Comrades at crossroads
Renegade Buddha as path-finder
By Shivaji Sarkar
Communist Party of India (Marxist), they say, is on a reform process. They may not have officially divorced communism but they are certainly now also wedded to capitalism. The shine of money has lured them to give up all that Left had been known for so far.
The CPI(M) politburo has put its seal on the progressive stand taken by West Bengal Chief Minister Buddhadeb Bhattacharya in inviting 100 per cent foreign direct investment (FDI) from investors in Singapore and Indonesia. The party still considers such steps regressive if it is done at the Centre. But it does not mind if its Chief Minister follows in the footsteps of Guajrat
Chief Minister Narendra Modi, who has been undertaking such foreign visits to seek investment.
That the party is no more for the working class was evident the day there was police lathicharge on the Honda Motorcycle workers in Gurgaon. A leader of its ally CPI, Gurudas Das Gupta was leading the workers. The CPI(M) minister for industry in West Bengal boasted the same day that the workers would not be allowed to take to such a recourse in his state.
Is there any confusion in CPI(M)? Politburo member Sitaram Yechuri says, ?There is no problem. There is no division in politburo.? Even hardcore trade unionists M.K. Pandhe and Chittabrata Majumdar have undergone a change of heart. The politburo does not mind 100 per cent FDI in greenfield airports. It is a different thing it cannot do because the Central government is more conservative and has put a cap of 49 per cent in the aviation sector. Centre for Indian Trade Union (CITU) leader Pandhe says his union also does not oppose 100 per cent FDI. Yechuri says that Salem Group of Indonesia would not be given agricultural land but if some plots were to be given it would not come in its way. It is another change that is happening in CPI(M) in its approach to farm land.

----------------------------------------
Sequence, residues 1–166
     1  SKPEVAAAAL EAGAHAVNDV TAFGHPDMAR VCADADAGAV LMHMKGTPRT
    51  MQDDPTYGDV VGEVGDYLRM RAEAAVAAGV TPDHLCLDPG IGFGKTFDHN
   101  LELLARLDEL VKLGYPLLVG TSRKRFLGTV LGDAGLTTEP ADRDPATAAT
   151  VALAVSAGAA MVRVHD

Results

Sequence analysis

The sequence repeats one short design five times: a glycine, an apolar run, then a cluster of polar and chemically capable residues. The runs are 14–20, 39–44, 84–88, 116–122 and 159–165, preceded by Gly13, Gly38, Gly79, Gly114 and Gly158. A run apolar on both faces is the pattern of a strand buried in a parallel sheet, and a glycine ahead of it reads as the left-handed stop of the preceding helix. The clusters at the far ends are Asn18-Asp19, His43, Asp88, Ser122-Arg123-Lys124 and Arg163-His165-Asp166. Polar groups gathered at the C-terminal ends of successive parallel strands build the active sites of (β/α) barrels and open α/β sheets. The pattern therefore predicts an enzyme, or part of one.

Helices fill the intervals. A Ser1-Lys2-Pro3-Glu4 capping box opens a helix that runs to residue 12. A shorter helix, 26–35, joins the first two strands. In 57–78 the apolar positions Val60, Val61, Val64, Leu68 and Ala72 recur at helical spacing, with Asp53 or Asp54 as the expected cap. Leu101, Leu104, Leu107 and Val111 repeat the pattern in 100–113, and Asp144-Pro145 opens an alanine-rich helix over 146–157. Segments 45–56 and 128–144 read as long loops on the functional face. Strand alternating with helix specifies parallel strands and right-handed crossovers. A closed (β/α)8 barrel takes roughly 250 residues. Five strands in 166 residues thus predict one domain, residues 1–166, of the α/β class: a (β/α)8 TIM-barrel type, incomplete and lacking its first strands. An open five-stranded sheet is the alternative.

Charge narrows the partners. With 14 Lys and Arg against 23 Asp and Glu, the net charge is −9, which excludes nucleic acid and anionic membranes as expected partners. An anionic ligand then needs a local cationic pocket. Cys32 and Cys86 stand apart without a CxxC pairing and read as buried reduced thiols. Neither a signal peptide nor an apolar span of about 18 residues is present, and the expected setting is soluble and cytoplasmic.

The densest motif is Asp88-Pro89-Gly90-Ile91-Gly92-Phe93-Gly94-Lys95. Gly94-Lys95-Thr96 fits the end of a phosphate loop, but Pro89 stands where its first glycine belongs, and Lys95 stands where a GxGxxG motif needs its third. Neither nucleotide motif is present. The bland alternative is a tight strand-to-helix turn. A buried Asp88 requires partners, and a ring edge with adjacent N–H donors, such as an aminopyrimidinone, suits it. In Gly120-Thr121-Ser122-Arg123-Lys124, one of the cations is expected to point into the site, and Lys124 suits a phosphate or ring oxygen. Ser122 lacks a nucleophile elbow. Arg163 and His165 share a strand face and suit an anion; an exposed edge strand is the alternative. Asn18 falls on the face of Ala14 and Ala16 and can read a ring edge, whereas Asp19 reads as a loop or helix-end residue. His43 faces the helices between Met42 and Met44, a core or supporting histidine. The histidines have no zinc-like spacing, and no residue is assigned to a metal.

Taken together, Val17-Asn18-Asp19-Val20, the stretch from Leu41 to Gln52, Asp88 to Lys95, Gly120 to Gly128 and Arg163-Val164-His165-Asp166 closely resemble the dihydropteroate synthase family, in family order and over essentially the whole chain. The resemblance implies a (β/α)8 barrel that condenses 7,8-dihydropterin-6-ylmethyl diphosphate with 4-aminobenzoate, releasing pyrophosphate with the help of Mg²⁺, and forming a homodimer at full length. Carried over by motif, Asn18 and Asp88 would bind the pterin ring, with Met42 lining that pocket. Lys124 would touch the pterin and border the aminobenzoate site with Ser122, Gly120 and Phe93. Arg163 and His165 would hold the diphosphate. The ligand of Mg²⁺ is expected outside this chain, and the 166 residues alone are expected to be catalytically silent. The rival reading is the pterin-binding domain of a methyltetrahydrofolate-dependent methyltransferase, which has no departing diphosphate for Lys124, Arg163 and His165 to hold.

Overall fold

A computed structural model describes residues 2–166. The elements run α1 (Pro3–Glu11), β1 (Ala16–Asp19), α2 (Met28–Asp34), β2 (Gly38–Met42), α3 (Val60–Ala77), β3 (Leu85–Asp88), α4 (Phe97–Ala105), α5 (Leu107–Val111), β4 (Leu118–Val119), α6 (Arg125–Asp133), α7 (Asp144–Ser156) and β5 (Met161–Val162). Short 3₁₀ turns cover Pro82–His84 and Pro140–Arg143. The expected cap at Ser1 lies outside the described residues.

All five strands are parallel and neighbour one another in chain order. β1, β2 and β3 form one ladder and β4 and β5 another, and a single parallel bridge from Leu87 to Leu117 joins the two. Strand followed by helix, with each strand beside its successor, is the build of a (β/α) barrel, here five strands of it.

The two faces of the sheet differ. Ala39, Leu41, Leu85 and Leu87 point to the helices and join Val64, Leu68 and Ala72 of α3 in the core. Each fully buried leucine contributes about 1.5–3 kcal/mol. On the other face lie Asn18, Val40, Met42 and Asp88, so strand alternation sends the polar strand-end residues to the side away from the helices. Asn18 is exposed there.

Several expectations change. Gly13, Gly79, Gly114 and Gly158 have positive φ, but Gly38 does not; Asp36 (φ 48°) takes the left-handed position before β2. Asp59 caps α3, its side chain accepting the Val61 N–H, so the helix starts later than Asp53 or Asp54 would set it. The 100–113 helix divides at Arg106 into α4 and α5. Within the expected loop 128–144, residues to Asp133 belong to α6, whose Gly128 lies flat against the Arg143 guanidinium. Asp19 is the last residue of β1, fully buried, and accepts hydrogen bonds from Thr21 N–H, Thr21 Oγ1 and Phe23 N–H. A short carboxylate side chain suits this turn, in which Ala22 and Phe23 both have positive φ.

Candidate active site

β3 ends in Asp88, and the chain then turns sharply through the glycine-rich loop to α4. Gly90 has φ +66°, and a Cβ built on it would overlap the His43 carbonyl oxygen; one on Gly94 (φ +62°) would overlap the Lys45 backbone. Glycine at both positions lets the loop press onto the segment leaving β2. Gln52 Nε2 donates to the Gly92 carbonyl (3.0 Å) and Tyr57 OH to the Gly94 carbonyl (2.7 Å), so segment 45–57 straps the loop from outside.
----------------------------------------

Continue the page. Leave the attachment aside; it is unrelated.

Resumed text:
There is certainly a paradigm shift. It has not happened overnight. The CPI(M) and its allies in West Bengal have been changing for the last two decades. The 18th Party Congress had given the formal approval to that shift. That was the official landmark for the new-look CPI(M).
Even before that, the party was on a changing course. It has been selling state-owned enterprises to private parties. The West Bengal Industrial Development Corporation, which was for long headed by Somnath Bhattacharya, has taken the lead in this area. The state government did not even mind selling the prestigious Great Eastern Hotel in the heart of Kolkata. It was certainly not a loss-making venture. The employees opposed the move but the new-look CPI(M) cared little for the working class.
That the party is no more for the working class was evident the day there was police lathicharge on the Honda Mototorcycle workers in Gurgaon. A leader of its ally CPI, Gurudas Das Gupta was leading the workers. The CPI(M) minister for industry in West Bengal boasted the same day that the workers would not be allowed to take to such a recourse in his state. This sparked off an angry remark by Haryana'sCongress Chief Minister Bhupendra Singh Hudda. Hudda appeared more pro-worker than the CPI(M).